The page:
Various Aritsts Fillmore: The Last Days

his film, originally released in 1972, comes off as a raw look into Bill Graham's last shows at his landmark Fillmore West venue in San Francisco . . .

his film, originally released in 1972, comes off as a raw look into Bill Graham’s last shows at his landmark Fillmore West venue in San Francisco.









Label: RHINO
[Rating: 3.5 star]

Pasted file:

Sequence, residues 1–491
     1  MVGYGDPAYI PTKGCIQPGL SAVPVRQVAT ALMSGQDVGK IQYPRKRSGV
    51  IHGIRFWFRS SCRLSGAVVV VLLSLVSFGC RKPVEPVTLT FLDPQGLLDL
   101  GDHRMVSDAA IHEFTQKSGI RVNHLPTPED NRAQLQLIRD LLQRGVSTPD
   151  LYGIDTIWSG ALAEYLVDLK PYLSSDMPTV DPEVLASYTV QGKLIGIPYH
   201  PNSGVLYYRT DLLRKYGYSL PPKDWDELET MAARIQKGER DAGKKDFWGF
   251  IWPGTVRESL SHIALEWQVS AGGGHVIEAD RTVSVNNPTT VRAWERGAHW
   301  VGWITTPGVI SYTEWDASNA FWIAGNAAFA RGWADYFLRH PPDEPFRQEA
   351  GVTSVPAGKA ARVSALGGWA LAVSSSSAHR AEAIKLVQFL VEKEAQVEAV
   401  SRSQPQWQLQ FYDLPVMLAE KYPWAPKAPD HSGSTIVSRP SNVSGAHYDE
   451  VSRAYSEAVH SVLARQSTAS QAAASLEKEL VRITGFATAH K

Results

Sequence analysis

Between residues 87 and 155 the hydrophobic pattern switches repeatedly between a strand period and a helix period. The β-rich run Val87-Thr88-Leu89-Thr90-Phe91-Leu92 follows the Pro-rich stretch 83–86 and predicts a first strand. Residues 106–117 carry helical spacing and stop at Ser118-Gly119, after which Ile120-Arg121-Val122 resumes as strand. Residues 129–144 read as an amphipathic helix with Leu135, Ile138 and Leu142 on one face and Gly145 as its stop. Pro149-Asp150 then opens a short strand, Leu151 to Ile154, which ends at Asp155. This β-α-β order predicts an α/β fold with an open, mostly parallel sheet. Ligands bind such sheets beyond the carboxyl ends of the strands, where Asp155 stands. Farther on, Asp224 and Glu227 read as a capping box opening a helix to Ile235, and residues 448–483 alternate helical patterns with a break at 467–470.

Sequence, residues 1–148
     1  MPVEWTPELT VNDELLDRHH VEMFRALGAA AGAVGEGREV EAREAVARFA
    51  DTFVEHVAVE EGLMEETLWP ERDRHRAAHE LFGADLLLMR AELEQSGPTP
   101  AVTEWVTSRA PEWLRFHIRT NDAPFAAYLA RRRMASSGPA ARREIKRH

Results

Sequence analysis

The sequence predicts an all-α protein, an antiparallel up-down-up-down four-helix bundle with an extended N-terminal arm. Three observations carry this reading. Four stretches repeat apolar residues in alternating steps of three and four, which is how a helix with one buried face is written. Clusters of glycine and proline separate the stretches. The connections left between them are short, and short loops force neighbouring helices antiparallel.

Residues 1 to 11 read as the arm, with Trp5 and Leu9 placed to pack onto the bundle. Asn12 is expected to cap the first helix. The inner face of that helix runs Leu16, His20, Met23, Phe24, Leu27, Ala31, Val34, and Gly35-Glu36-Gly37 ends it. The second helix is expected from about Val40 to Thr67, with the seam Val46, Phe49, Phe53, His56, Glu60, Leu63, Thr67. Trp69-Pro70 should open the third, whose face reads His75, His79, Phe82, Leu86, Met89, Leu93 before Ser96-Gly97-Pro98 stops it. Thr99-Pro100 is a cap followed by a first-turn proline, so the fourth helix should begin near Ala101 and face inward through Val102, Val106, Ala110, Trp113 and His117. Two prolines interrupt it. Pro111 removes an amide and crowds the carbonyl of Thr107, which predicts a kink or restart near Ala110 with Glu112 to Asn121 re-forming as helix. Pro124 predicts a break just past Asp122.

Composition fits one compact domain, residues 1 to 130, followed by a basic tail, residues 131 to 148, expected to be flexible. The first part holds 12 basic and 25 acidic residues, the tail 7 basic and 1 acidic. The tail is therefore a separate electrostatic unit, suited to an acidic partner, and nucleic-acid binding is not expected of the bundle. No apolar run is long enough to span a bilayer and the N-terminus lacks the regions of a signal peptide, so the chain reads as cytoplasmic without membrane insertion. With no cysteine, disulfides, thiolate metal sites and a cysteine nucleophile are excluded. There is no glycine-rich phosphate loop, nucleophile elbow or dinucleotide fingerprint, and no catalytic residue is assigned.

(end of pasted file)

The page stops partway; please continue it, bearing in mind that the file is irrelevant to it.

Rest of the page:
This film, originally released in 1972, comes off as a raw look into Bill Graham’s last shows at his landmark Fillmore West venue in San Francisco. While many of the mini-episodes between concert footage appear unfiltered, you start to feel that Graham’s very aware of the cameras and putting on a little show of his own. And, by the end of the viewing, you sit back and smile, that in a way, Bill Graham was the show, the driving force behind so many legendary shows. His influence and venues helped to vault acts to bigger and better shows. But, eventually, as Graham expresses in this film, the generation of the Haight-Ashbury grew disappointed when flowers didn’t fill the streets, and the great acts he helped promote in their infancy also grew, and became businesses in themselves. “I’m getting out!” he screams to someone on the other end of the phone. The demands were too much and the reward too little to keep the Fillmore running in the long run, yet the memories were, and remain, priceless. The glimpses here, of the incredible sets by Lamb, Quicksilver Messenger Service, Santana, The Grateful Dead and more stand as a testament to venue, and to the energies of Bill Graham.


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